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Science is honing in on better ways to treat chronic pain. Read about it in this AARP series.


Work and Well-Being Among the Self-Employed at Older Ages

Self-employment increases with age. About one-third of all self-employed workers become self-employed at or after age 50, according to this AARP Public Policy Institute Issue Paper that explores patterns of self-employment at older ages, including:

  • The characteristics of older self-employed workers and the nature of their jobs
  • Expectations about job changes and retirement, and actual retirement experiences among older self-employed workers
  • Transitions in and out of self-employment at older ages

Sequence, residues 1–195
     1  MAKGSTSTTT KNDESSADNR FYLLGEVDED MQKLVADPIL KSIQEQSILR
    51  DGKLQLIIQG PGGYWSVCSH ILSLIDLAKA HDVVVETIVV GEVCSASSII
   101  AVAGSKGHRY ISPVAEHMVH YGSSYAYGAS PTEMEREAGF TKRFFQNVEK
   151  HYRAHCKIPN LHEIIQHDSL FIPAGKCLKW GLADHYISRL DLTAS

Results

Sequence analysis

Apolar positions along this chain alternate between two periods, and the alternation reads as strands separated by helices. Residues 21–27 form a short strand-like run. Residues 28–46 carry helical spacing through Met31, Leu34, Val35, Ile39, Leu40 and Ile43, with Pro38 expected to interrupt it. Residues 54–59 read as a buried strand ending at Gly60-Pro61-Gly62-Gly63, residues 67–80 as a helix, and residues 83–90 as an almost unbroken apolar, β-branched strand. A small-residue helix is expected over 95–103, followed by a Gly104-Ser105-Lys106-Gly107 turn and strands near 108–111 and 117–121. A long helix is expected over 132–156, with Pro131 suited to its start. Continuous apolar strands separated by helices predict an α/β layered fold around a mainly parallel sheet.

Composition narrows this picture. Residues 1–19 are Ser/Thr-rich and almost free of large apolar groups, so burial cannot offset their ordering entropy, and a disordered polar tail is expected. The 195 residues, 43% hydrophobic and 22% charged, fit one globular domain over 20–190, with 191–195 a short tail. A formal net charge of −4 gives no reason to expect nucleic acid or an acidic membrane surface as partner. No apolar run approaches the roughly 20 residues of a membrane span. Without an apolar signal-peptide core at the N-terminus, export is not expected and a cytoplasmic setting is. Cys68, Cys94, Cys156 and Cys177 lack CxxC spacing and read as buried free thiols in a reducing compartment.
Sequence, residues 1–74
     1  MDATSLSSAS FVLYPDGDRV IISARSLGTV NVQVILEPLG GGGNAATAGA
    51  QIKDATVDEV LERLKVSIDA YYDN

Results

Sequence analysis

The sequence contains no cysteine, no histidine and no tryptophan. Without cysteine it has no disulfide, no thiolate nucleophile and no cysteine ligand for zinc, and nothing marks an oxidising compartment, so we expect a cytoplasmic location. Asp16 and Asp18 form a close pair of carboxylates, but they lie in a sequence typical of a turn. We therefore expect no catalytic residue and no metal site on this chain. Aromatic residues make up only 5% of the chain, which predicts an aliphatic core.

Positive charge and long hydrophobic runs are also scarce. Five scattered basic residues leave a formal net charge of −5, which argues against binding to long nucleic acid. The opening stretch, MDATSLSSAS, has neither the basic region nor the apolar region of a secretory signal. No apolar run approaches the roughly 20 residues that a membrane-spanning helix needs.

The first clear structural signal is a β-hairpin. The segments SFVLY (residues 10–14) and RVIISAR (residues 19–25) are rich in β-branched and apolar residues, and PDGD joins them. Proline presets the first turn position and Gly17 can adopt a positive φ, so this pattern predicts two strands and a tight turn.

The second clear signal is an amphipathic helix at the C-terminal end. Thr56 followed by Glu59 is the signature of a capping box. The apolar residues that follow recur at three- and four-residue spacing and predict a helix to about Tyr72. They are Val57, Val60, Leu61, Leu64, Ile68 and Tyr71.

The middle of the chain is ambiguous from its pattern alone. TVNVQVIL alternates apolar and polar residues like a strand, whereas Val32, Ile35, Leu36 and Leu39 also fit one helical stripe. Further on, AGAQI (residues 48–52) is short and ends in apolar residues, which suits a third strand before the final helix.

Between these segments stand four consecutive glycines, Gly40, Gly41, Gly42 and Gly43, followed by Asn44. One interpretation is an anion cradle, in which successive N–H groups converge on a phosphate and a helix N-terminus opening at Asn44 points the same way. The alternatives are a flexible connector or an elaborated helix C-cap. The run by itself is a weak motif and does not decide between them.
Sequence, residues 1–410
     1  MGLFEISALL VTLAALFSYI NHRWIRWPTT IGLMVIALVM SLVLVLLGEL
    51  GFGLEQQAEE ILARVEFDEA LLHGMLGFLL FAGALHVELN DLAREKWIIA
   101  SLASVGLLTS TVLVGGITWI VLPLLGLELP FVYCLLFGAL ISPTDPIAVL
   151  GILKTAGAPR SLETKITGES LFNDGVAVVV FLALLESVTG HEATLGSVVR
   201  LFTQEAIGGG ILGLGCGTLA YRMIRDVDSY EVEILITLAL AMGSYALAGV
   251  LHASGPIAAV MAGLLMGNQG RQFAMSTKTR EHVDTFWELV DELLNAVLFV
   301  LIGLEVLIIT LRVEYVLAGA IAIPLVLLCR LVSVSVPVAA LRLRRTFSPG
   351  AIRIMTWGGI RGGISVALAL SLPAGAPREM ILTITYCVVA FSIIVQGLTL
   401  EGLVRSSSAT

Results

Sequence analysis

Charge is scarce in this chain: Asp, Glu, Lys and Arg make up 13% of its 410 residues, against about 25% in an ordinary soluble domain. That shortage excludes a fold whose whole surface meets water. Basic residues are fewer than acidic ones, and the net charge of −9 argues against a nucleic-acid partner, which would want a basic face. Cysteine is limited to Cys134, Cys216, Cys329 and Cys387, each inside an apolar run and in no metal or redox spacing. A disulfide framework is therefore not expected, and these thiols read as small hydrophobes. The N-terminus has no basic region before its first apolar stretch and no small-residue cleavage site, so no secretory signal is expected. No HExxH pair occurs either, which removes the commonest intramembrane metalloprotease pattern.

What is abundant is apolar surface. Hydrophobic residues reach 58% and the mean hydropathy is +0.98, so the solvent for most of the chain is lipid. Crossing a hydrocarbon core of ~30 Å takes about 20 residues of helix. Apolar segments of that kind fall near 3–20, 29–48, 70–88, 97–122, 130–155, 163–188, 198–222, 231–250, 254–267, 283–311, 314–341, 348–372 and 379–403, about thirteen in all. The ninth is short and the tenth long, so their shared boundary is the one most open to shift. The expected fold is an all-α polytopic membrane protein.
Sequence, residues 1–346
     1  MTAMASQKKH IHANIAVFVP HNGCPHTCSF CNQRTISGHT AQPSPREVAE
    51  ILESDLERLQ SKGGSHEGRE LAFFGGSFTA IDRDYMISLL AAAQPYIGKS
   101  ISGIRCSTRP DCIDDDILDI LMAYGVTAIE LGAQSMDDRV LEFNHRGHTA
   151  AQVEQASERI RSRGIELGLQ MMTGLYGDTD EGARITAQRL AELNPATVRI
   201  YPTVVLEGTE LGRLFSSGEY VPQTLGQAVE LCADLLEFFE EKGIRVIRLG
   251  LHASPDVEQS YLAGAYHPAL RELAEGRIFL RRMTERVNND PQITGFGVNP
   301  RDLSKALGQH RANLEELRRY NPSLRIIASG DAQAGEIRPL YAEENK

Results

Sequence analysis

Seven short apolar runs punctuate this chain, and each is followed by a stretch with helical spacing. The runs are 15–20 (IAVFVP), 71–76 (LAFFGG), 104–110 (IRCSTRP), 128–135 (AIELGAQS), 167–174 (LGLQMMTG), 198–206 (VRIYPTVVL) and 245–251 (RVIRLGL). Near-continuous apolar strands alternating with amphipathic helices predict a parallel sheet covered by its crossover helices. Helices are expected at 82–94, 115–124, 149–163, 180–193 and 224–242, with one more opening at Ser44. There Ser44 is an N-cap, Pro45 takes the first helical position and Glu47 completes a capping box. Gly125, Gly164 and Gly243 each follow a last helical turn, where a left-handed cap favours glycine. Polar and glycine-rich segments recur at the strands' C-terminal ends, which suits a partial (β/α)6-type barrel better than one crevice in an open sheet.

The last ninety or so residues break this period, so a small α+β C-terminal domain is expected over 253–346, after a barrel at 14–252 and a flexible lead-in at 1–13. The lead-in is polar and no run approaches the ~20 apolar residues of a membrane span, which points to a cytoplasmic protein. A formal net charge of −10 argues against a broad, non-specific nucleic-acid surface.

• The wealth accumulation and portfolio diversification of older self-employed workers
  • The consequences of shifts to self-employment at older ages for retirement assets

The study compares a number of groups—

  • Age 50+ self-employed to age 50+ wage and salary workers
  • Self-employed before age 50 to self-employed at or after age 50
  • Self-employed with employees to self-employed without employees

and finds considerable differences between the groups. In particular, those self-employed before age 50 and those with employees most closely resemble each other, while those who became self-employed at or after age 50 are more similar to the self-employed without employees.

Self-employed workers were found to be, on average, much better prepared for retirement than are wage and salary workers—they are more likely than wage and salary workers to own all types of property and financial assets and to have much higher levels of all types of non-pension wealth. (100 pages)